PhoneGap has a plugin-based architecture. Each device-specific feature is a plugin, which consists of javascript and native sides. Js side should be as cross-platform as possible, whereas native side can be implemented only once, for 1 device. Nevertheless built-in plugins are developed for all of the most popular platforms, so no need to reinvent the wheel.
This architecture, together with open source code, not only allows a developer to fix their bugs, but also allows them to tweak their plugins for as per requirements. Also, a developer can build his own plugin, and support any platform of his choice.

3. What is the difference between PhoneGap and Cordova?
PhoneGap is a distribution of Apache Cordova. You can think of Apache Cordova as the engine that powers PhoneGap, similar to how WebKit is the engine that powers Chrome or Safari.

4. What is PhoneGap Build, and how is it different from PhoneGap framework?
PhoneGap is a mobile application development framework, based upon the open source Apache Cordova project. It allows you to write an app once with HTML, CSS and JavaScript, and then deploy it to a wide range of mobile devices without losing the features of a native app. PhoneGap Build is a cloud-based service built on top of the PhoneGap framework. It allows you to easily build those same mobile apps in the cloud.

5. What is a Plist file in iOS development ?
Yes, this is not related to phonegap, but interviewer expects the answer!

Property lists are a way of structuring arbitrary data and accessing it at run-time. An information property list is a specialized type of property list that contains configuration data for a bundle. The keys and values in the file describe the various behaviors and configuration options you want applied to your bundle. Xcode typically creates an information property list file for any bundle-based projects automatically and configures an initial set of keys and values with appropriate default values. You can edit the file to add any keys and values that are appropriate for your project or change the default values of existing keys.

For further details click here.

6. What is the difference between ChildBrowser and InAppBrowser in PhoneGap ?
As the name suggests, Child Browser Plugin is a plugin and can be integrated in any phonegap application.

Whereas, InAppBrowser is a phonegap API that provides the ability to spawn a browser instance from a Cordova(2.3.0) application. The API is based on standard browser capability. In a nutshell, this has the same functionality as the ChildBrowser, and has events support as well.
Example usage:
var ref ='', '_blank');
ref.addEventListener('loadstart', function(event) { alert(event.type + ' - ' + event.url); } );
ref.addEventListener('loadstop', function(event) { alert(event.type + ' - ' + event.url); } );
ref.addEventListener('exit', function(event) { alert(event.type); } );

// also, you can do ref.removeEventListener('loadstart', myfunc) .. etc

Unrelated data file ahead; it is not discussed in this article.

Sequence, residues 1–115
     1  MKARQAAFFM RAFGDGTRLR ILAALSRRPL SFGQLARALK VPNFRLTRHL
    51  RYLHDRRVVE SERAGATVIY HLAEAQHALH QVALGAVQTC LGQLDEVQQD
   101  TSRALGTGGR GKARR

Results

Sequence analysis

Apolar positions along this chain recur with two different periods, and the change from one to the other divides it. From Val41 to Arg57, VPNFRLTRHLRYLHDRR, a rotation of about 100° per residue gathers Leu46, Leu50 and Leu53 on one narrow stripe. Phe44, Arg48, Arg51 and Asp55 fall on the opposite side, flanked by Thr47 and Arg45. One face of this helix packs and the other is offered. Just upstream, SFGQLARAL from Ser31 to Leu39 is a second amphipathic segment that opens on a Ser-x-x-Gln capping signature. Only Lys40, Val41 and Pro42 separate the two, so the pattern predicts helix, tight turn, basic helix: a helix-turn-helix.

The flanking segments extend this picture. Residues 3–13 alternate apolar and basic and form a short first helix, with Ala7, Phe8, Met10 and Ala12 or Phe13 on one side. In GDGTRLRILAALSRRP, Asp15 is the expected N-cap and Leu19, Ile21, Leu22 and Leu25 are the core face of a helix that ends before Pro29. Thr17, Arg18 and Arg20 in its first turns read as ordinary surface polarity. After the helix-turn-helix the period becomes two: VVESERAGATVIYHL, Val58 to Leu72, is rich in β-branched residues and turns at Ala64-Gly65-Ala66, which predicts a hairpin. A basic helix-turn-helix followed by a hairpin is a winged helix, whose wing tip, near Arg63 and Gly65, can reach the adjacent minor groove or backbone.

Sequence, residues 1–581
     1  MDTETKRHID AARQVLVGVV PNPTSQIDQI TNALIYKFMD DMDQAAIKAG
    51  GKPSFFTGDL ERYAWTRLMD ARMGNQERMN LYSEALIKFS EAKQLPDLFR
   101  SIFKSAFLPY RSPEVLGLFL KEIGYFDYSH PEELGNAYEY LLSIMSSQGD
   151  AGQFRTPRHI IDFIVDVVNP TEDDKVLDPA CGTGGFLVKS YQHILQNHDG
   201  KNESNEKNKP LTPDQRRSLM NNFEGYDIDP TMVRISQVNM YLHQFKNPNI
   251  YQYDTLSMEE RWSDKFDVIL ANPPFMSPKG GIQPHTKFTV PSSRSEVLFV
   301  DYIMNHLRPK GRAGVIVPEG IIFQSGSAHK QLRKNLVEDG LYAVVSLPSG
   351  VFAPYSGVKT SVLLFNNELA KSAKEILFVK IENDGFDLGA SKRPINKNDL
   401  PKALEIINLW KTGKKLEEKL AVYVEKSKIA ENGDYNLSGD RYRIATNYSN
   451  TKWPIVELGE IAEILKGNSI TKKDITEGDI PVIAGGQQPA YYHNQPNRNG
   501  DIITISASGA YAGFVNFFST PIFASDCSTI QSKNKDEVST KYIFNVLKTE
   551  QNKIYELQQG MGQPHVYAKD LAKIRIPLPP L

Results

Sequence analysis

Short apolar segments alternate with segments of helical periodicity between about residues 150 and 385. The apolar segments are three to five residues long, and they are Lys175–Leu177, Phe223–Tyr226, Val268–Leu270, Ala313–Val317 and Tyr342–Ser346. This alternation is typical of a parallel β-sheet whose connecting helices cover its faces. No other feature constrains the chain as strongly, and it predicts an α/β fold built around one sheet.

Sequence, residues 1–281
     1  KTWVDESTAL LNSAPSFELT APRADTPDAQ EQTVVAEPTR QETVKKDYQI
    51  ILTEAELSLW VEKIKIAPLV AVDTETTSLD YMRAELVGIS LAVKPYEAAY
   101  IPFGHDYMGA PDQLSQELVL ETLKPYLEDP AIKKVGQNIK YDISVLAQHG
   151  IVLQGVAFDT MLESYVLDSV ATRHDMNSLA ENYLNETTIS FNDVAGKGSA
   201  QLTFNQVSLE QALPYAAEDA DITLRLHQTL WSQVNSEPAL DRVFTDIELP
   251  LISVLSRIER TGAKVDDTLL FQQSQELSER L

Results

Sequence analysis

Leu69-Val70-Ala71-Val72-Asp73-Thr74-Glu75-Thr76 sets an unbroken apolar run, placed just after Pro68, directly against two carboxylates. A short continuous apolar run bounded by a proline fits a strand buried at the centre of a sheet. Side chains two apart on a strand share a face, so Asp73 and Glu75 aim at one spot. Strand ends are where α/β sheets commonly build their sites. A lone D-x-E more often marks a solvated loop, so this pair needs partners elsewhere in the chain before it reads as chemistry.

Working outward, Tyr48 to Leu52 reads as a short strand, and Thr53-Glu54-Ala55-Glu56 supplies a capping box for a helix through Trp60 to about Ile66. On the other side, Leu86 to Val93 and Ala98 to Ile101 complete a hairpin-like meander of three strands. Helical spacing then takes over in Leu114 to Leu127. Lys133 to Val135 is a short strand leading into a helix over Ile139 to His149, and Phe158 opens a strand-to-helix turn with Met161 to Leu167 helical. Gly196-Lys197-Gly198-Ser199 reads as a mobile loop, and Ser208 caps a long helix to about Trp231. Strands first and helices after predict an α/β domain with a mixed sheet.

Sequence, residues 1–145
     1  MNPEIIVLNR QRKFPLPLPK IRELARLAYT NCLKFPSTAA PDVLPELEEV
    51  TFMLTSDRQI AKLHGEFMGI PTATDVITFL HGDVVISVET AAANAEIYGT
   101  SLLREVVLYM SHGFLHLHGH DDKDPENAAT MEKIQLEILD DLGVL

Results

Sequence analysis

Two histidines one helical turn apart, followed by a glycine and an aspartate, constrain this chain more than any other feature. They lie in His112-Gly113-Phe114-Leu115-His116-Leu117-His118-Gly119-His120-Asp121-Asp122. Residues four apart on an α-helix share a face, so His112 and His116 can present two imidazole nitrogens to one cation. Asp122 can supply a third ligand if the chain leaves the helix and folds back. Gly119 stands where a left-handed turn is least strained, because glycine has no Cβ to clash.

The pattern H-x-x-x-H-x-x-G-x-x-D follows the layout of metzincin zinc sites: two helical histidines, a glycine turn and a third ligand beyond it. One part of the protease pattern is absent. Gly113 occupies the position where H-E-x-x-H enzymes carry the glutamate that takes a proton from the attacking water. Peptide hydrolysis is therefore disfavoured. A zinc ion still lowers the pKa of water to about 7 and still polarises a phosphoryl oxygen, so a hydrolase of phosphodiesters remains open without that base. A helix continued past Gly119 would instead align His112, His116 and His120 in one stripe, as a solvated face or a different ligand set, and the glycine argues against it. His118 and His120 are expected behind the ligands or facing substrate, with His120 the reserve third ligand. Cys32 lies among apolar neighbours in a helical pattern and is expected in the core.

7. What are CDNs in jQuery? Why do we use it?
CDNs(Content Delivery Networks) can offer a performance benefit by hosting jQuery on servers spread across the globe.
There are three CDNs available that host the jQuery library free of charge:
  1. Google’s Libraries API CDN (a.k.a. Google Ajax API CDN)
  2. Microsoft’s Ajax CDN
  3. Media Temple’s ProCDN (the official “jQuery CDN”)
Using jQuery's CDN provided by MediaTemple
<script src=""></script>
<script src=""></script>

There are several benefits to using CDNs:
  • The file will normally load faster than it would if self hosted.
  • Odds are better that the site visitor will have a cached copy of the file since other sites will also be linking to the same file.
  • It saves the site owner some bandwidth since the file is externally hosted.
8. Name PhoneGap events
  • deviceready
  • pause
  • resume
  • online
  • offline
  • backbutton
  • batterycritical
  • batterylow
  • batterystatus
  • menubutton
  • searchbutton
  • startcallbutton
  • endcallbutton
  • volumedownbutton
  • volumeupbutton
More details here


Wednesday, 29 May 2013

Commonly asked JavaScript interview questions

1. What is the difference between == and === in javascript ?
The 3 equal signs mean "equality without type coercion". Using the triple equals, the values must be equal in type as well.
0==false   // true
0===false  // false, because they are of a different type
1=="1"     // true, auto type coercion
1==="1"    // false, because they are of a different type

Null and Undefined types are == (but not ===). [i.e. Null==Undefined (but not Null===Undefined)]

2. null vs undefined in Javascript ?
In JavaScript, undefined means a variable has been declared but has not yet been assigned a value, such as:

var TestVar;
alert(TestVar); //shows undefined
alert(typeof TestVar); //shows undefined
null is an assignment value. It can be assigned to a variable as a representation of no value:

var TestVar = null;
alert(TestVar); //shows null
alert(typeof TestVar); //shows object